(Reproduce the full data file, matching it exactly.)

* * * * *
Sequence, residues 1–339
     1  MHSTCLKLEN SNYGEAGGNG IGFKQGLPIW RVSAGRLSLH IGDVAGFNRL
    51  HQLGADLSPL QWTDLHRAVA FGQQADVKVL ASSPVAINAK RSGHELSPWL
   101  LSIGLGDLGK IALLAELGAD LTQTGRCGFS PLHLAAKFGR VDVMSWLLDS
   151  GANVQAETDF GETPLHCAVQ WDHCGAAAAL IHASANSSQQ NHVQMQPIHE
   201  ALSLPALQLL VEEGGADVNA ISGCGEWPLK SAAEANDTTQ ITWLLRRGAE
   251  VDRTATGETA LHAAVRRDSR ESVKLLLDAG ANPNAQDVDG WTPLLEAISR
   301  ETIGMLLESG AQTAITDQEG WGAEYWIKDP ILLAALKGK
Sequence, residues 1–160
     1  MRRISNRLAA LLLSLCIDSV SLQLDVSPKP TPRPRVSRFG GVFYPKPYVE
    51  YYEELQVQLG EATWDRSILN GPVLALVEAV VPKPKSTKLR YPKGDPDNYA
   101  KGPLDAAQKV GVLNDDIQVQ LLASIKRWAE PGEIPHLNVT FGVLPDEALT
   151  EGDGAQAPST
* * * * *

Sequence, residues 1–339
     1  MHSTCLKLEN SNYGEAGGNG IGFKQGLPIW RVSAGRLSLH IGDVAGFNRL
    51  HQLGADLSPL QWTDLHRAVA FGQQADVKVL ASSPVAINAK RSGHELSPWL
   101  LSIGLGDLGK IALLAELGAD LTQTGRCGFS PLHLAAKFGR VDVMSWLLDS
   151  GANVQAETDF GETPLHCAVQ WDHCGAAAAL IHASANSSQQ NHVQMQPIHE
   201  ALSLPALQLL VEEGGADVNA ISGCGEWPLK SAAEANDTTQ ITWLLRRGAE
   251  VDRTATGETA LHAAVRRDSR ESVKLLLDAG ANPNAQDVDG WTPLLEAISR
   301  ETIGMLLESG AQTAITDQEG WGAEYWIKDP ILLAALKGK
Sequence, residues 1–160
     1  MRRISNRLAA LLLSLCIDSV SLQLDVSPKP TPRPRVSRFG GVFYPKPYVE
    51  YYEELQVQLG EATWDRSILN GPVLALVEAV VPKPKSTKLR YPKGDPDNYA
   101  KGPLDAAQKV GVLNDDIQVQ LLASIKRWAE PGEIPHLNVT FGVLPDEALT
   151  EGDGAQAPST